Since we were going to be home this Christmas and are hosting Christmas dinner, we also chose to get a real tree as the most environmentally friendly option.  That was  a tough one and there is no perfect answer.  I was considering getting a potted tree that I could plant in the yard, but it turns out that the tree could only stay inside a few days, and the survival rate of the tree would have been very low if I tried to plant it.  Of course, we could forgo the tree altogether.  We certainly won’t get a tree next time if we plan to be away for Christmas.

We didn’t have any garlands for the tree, so instead of buying tinsel, we decided to string popcorn instead.  We’ll put it out for the birds after Christmas.  Next year, we’ll have to try stringing cranberries too.  Fun, and smells so yummy!

What else?  As I only have four dinner plates, I’ll be using Mom’s Corelle dinner plates Christmas Day.  She has a whole stack of them for family dinners.  The great thing about Corelle is that they are 100% glass, and they are so thin they don’t take up much room to store, which is perfect for my small kitchen.  I’ll have to watch for sales and get my own stack for special events.  And of course, we’ll be using cloth napkins.

So, I get a thumbs-down on the wrapping paper this year, but am definitely planning to make next Christmas a non-disposable holiday.

All the best to you and your family,

Grace & Hannah

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I started this blog over a week ago, and I’m already getting lots of inquiries on how I’ve reduced my garbage.  So, I thought I’d intersperse my more serious posts with some practical posts as well.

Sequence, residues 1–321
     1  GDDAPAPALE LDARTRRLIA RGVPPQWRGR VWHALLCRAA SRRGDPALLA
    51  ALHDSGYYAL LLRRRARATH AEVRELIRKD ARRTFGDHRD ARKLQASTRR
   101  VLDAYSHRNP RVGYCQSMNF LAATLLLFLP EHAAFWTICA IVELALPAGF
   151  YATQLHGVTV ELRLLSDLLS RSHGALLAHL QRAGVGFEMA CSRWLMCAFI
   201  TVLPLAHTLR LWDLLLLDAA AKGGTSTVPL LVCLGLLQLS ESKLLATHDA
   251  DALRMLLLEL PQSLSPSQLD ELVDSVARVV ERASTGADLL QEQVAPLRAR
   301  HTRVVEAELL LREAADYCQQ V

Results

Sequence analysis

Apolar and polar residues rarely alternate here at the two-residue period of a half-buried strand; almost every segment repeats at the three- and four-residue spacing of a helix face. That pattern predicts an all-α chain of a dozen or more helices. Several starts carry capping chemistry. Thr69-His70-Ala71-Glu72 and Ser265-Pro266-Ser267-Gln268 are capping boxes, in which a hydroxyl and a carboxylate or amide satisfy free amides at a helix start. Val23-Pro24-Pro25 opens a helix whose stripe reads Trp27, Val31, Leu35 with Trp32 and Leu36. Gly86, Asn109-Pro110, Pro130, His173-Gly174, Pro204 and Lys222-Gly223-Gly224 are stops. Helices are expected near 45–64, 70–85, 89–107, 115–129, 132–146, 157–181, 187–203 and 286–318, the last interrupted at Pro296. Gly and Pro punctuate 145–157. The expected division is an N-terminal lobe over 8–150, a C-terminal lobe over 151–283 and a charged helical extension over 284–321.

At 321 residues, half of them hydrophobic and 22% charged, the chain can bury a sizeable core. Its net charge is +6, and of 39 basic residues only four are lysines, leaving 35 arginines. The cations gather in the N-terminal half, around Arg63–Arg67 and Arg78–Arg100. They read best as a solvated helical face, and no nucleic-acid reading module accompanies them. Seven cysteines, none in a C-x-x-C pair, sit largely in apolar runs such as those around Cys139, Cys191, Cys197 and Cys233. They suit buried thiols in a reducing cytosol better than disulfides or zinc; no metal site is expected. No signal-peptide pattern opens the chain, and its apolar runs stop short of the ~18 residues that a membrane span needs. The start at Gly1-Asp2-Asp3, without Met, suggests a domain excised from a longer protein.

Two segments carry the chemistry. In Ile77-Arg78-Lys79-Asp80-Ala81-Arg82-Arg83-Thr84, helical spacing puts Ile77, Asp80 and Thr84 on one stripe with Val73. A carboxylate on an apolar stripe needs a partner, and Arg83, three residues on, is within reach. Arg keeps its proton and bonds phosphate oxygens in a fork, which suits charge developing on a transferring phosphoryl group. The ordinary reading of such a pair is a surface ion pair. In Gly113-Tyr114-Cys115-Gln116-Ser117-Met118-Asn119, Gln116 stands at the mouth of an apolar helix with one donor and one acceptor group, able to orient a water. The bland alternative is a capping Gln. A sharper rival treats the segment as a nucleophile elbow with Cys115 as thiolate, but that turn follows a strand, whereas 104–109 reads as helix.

Let me first start by saying, that there are only two of us in the household, myself and my daughter who is seven.  Regardless, if there were another adult, I don’t think it would make a huge difference in terms of garbage because I’ve made sure to replace most things disposable with reusable.

These are the napkins on our dinner table today

The first change I made was with napkins, facial tissue and paper towel.  Growing up, my parents were frugal to the point of splicing up folded paper napkins into single layers to make them last longer, we never used paper towel, and my Dad would berate me if it took more than one tissue to blow my nose.  Needless to say, I grew up with a keen awareness of wastefulness.

One day I was browsing on Etsy, which is a great place for finding eco-conscious people making hand-made reusable items, and I came across people selling really cute cotton napkins.  A light went off in my head, and I dug through my fabric stash for leftover ends of my favourite fabrics.  Not only was making napkins something I could do easily, it gave me something to make out of my favourite scraps that I could enjoy everyday, yippee!